Difference Between Casserole and Hotdish

, , Leave a comment

Though food is what sustains us and gives us energy not everyone is at leisure to prepare elaborate dishes every day. In this fast paced world everyone is looking for quick fixes to satiate their hunger though, no one is ready to compromise on the taste and quality of food too. Casserole and hotdishes are such foods which can be prepared in no time without any issues with the taste or the nutritive value. The popularity of the dishes can be gauged by its frequent presence in the menus of funeral and thanksgiving dinners not to forget family gatherings and potlucks.

Casserole Versus Hotdishes:

Both are very popular dishes in the USA, having similar origins and are baked before serving. Both are an amalgamation of numerous ingredients such as meat and vegetables which supply proteins and carbohydrates in addition to other nutrients.

More About Casseroles:

Casseroles are named so after a glass or earthenware vessel in which food is cooked or baked and served. The dish has a long history dating back to the 18th century. Casseroles primarily use rice, chicken and sometimes sweet bread too. There are four main components of the casserole which is supplied by many ingredients. The starch is supplied through grains, potatoes, noodles or pumpkin. The proteins in the dish come from beans or other legumes and tofu while some soup is also added to the dish in the form of chicken or vegetable stock, wine, cider or vinegar. This is mainly done to help in mixing the ingredients up and a crispy crust completes the casserole. The casserole is cooked without covering the vessel. Typically lighter varieties of meat are used in the casserole preparation. There are many varieties of casseroles such as Tuna, Shepherd’s Pie, Mac and Cheese, Sausage and Apple Breakfast casseroles to name a few. In countries such as Australia, New Zealand, and UK the casseroles are cooked covered unlike their US counterparts. The two step process involves browning of the meat or vegetables on the stove and baking them in the oven using the liquid.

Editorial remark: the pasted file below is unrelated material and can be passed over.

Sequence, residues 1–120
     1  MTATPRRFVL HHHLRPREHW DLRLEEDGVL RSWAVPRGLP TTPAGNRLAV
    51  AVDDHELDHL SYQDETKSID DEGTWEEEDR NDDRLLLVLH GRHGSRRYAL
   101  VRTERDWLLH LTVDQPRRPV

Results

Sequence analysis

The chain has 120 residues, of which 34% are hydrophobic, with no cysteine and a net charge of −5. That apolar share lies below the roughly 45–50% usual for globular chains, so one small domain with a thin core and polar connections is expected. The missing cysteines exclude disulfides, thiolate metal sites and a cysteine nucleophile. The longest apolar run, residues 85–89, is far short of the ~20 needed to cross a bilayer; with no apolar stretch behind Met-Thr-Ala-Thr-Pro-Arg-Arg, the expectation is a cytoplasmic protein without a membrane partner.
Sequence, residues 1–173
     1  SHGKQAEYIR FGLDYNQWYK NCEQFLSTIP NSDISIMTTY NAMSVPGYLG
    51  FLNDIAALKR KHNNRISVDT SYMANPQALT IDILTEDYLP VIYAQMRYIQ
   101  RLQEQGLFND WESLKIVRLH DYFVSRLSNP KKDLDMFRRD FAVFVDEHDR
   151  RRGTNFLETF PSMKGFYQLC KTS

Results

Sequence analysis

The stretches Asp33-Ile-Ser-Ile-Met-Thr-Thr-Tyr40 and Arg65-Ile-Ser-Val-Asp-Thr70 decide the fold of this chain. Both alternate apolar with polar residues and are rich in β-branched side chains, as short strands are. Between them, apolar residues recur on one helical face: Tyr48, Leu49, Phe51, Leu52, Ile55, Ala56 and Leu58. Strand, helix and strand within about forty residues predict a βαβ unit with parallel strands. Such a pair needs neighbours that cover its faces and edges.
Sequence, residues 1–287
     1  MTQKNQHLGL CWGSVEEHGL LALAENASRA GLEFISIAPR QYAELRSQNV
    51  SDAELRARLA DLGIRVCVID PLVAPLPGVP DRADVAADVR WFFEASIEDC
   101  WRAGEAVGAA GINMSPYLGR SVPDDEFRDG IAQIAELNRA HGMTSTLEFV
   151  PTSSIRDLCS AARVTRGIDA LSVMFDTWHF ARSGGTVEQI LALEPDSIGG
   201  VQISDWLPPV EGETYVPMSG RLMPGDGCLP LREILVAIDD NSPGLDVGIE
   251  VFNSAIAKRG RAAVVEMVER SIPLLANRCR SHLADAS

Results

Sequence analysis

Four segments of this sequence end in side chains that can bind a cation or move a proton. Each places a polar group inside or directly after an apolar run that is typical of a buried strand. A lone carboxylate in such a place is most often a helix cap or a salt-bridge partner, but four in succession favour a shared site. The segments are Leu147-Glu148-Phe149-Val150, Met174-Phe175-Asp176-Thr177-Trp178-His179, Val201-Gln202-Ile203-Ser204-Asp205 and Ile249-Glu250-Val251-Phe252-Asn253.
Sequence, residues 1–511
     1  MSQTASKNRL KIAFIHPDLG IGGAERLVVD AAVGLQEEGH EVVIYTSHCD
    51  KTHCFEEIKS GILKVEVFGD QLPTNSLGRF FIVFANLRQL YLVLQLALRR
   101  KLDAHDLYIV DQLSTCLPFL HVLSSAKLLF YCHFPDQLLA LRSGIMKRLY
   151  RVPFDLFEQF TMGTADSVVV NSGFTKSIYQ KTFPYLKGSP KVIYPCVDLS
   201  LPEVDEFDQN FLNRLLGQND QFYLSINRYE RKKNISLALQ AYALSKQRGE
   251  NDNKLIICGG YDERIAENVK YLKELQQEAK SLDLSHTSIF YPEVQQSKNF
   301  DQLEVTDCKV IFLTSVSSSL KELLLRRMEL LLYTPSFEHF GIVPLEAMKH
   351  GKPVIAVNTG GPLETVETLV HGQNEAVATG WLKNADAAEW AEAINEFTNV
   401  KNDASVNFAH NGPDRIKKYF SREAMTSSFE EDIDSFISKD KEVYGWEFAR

Hotdish:

This is a type of casserole which is popular in the North and South Dakota and Minnesota areas of USA. Though the components of the hotdish such as a crust, soup, proteins and starch are similar to that of the casserole instead of a rice base potatoes are used in the form of chips, hash browns or as strings. Potatoes are a significant ingredient of a hotdish and rice is never included. Heavier meat varieties like red ground beef are used and thicker soups such as cream of mushroom or corn soups are used as the binder in hotdish instead of a soup as in the case of a casserole. The number of ingredients added to the hotdish is comparatively lesser in number when compared to the casserole. The most popular hotdish varieties are Tater-Tot Hot Dish and Minnesota goulash. It is to be noted that hotdishes do not include cheese as an ingredient unlike casseroles.

Both hotdish and casserole are wholesome nutritious meals prepared with minimal effort and time. However, it is to be noted that both of them practically have all the ingredients of the food pyramid. They are now considered as a staple and a comfort food in USA with most people enjoying them with beer or alcohol. Both the dishes are either had as a main course or as side dish. The baked foods are a healthier option for people who tend to lean towards fried fast foods to satisfy their hunger.

 

Leave a Reply